The San Francisco Chronicle, Friday morning, Dec. 1, 1899
Vol. 70, No. 139

Triumph of Blue and Gold

Thirty to Nothing against Stanford

For the second time, and with a score decisive enough to discourage opponents less stubborn, the red-shirted football athletes of Stanford University went down yesterday before the more skillful eleven of the University of California.

Sixteen thousand people, the largest crowd ever gathered on a Pacific Coast field, saw the young giants grapple. It was almost a foregone conclusion that California would win, but that did not cause the victors to slacken their sinews, nor did it dampen the ardor of the vanquished. As the game unfolded, and defeat for the Stanfords became a certainty, those shock-headed sons of Thor gritted their teeth and fought still more stubbornly every inch of ground. Their game in the latter half was far stronger than in the first. They held California down to 6, while in the first half the blue-and-gold men made 24. The total score, which Stanford has vowed with a terrible vow shall be wiped out next year, was 30 to 0.

A cool, almost cloudless day added vastly to the enjoyment of the great contest. Filmy clouds at times dimmed the sun, making the temperature perfect for lively, crisp work. The gridiron was in fine condition, though a coating of fresh sand, quite moist, made quick starting rather difficult. To the layman the most striking feature of the game was the kangaroo leap of Kaarsburg, full-back for California, who invariable gained a few yards by his unique play. Stanford's chances were injured, rather than helped, by Captain Murphy's plucky playing when sadly out of condition.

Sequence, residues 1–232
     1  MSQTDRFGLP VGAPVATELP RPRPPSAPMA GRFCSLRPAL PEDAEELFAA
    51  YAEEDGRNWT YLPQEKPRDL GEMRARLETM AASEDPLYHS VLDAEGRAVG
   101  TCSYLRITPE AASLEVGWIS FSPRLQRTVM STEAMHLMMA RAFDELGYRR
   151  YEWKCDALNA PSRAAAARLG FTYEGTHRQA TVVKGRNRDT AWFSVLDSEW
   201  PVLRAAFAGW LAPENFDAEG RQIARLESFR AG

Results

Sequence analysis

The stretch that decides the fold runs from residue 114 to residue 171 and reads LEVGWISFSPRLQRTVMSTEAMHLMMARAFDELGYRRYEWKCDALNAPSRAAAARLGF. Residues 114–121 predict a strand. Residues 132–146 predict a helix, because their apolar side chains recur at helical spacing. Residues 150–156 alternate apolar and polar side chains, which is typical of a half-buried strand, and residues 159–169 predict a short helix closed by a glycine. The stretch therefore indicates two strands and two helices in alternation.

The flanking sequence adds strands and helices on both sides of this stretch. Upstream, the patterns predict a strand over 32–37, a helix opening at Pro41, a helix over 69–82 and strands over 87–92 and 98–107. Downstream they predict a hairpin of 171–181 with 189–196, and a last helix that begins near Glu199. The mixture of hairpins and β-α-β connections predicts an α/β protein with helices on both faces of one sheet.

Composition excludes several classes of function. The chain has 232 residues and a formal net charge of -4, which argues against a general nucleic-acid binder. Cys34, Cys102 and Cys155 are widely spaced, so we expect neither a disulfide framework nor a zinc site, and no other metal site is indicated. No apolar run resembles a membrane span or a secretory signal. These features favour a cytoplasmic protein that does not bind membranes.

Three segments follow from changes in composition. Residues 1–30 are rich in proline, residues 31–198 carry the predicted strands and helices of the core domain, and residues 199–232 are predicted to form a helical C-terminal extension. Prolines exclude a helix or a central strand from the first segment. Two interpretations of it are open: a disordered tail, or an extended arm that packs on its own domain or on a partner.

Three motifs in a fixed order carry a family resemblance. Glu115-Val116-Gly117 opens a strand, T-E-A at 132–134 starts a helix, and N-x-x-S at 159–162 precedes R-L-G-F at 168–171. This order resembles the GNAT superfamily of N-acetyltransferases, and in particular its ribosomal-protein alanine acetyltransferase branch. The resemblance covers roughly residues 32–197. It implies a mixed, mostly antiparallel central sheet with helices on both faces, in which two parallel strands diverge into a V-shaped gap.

The sweetness of victory and bitterness of defeat are made more keen by reason of the fact that yesterday's game places the Tilden-Phelan trophy permanently in Berkeley's hands. This trophy is Douglas Tilden's famous statue, "The Football Players," which was offered by mayor James D. Phelan to the team winning two out of three straight games. As Berkeley defeated Stanford last year-for the first time-and again yesterday by a still more decisive score, the bronze statue will go to the Berkeley campus. It is one of Sculptor Tilden's finest pieces, and was designed from football players studied by him in London. The statue was cast in Paris, and was exhibited in the Salon, where it was greatly admired. It was shipped around the Horn, and for some time has been on exhibition at the door of the Hopkins Institute.

The Stanford cohorts were disconcerted during the morning by an incident that at first seemed to be an invention of the enemy. The Forty-second Infantry, marching down Market Street to take ship for the Philippines, swing past the Stanford headquarters at a lively gait, and its band suddenly struck up "Palms of Victory," Berkeley's favorite song. The first glance taken by the Stanford boys revealed an interminable line of men, marching in good time and keeping step to the music of Berkeley. Until the situation was clear, the boys from Palo Alto thought a whole regiment of rooters had been surreptitiously trained by Berkeley to overwhelm their adversaries.